Enter Mike Jay and Flawless Living Design System (FLDS)

The basic idea of FLDS is that happiness is natural – happiness comes from following our desires and intrinsic motivation, where we can exist in a state of flow while creating those things that we value – whereas success, for most people, is not.  I define “success” as the ability to provide what we need in life while following the path of our happiness.  Unlike happiness, success comes from executing the success requirements of our business or profession, which may or may not be inborn, and which may or may not be part of our intrinsic motivation.  This is why it’s so hard and why so many of us are under great tension around this.  The situation is actually made worse by all the self-help gurus (Tony Robbins, Steven Covey, etc.) because they teach systems that work well if you work them, but that only 1% to 5% of us will actually apply – thus funding a billion dollar training industry that does nothing, and leaving many of us struggling our whole lives trying to mold and adapt ourselves to some standard that just doesn’t fit with who we are, and then wonder what is wrong with us.

The fascinating thing (to me anyway) is that I have been discovering many of the ideas of FLDS on my own, through my own life and research; but Mike Jay has actually made an entire developmental system out of this, that he calls a “memetic operating system” (or values-based program), that is backed by a ton of psychological research and theory, along with his work with thousands of coaching clients over the last 20 years; and what’s more that there is a business community being created around this, a movement really, of people committed to exploring their happiness while expanding success – of people committed to living more inter-dependently and with greater passion and contribution.  Because the solution, of course, to our inability to do the things that are required for success, is first to accept our limitations, and then to ally with other people who can do those things naturally that we cannot.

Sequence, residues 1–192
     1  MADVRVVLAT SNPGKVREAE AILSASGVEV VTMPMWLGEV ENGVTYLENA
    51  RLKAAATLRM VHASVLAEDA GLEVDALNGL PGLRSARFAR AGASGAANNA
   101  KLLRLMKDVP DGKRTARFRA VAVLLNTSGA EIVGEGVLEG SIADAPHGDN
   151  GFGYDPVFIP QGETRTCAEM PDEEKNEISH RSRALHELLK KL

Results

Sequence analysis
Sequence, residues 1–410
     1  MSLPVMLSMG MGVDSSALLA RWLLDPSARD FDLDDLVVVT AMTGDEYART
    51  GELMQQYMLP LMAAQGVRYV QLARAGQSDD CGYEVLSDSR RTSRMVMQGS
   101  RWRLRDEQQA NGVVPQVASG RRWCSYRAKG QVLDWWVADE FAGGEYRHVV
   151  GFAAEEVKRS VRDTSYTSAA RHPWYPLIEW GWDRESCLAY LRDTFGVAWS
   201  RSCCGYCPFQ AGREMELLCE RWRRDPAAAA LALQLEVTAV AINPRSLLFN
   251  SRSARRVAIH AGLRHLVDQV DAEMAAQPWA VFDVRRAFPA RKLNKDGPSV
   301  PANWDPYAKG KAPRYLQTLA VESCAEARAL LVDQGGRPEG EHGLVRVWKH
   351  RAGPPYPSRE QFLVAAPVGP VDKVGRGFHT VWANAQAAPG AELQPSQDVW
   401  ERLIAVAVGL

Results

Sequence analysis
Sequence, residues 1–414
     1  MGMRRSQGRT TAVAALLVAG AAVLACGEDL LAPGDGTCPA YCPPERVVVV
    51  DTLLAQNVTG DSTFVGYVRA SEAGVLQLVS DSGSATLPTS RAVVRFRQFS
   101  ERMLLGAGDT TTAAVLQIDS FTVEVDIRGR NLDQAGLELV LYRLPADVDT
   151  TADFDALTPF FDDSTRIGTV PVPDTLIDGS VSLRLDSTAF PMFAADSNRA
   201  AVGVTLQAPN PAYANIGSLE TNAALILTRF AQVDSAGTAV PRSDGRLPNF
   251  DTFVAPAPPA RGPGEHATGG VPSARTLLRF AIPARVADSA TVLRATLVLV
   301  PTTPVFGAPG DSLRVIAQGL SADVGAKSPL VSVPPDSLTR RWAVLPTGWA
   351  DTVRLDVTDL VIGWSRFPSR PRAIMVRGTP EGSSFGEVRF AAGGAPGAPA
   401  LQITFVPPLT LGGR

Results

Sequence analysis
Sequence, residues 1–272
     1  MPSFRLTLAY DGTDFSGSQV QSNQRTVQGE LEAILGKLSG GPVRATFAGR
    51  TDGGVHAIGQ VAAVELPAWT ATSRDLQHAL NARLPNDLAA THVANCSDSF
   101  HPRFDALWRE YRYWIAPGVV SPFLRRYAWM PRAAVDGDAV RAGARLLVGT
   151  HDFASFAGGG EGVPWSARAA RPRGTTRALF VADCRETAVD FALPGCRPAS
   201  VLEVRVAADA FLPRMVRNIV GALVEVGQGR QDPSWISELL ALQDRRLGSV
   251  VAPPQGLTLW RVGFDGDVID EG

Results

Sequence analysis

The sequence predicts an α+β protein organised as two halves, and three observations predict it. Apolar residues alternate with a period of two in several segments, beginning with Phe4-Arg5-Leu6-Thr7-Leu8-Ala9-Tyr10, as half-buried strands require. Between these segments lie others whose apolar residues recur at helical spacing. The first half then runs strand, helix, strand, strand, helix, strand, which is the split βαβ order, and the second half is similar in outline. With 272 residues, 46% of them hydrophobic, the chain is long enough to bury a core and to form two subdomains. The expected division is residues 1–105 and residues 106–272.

I invite you to come experience FLDS with me in Las Vegas on August 20-23

I invite you to experience the first (beta) Flawless Living seminar in Las Vegas from Friday August 20 at 6pm, to Monday August 23 at noon.  The first FLDS seminar – and probably all of them – is going to be free, except for an administrative fee for various assessments (that are key to the discovery process that happens during the seminar).  During the first two days, we will each create a blueprint for success, unique to us, using Mike’s inquiry methods.  On the third day, there will be an offer to buy-in to the business network, at guaranteed rates of return or money-back – it’s truly an unusual and extraordinary offer.

If you can’t come to Vegas in August, there is another in Philadelphia in late November.

Much love,

Marc

PS: here is the brochure I designed for this event – first-draft, but not bad IMHO, especially considering it’s my first brochure, what do you think?